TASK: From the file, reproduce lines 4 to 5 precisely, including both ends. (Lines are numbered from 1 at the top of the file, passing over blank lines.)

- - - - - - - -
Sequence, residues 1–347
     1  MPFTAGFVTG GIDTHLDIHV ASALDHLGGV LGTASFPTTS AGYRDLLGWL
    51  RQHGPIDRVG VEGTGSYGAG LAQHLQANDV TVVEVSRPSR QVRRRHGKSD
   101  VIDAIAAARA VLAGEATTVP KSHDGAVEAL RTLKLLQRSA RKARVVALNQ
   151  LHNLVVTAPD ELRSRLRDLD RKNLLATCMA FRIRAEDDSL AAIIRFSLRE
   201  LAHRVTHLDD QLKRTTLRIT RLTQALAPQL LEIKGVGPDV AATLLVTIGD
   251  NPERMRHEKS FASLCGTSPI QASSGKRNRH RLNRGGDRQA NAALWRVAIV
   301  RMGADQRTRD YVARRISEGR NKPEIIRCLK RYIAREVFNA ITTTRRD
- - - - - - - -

   101  VIDAIAAARA VLAGEATTVP KSHDGAVEAL RTLKLLQRSA RKARVVALNQ
   151  LHNLVVTAPD ELRSRLRDLD RKNLLATCMA FRIRAEDDSL AAIIRFSLRE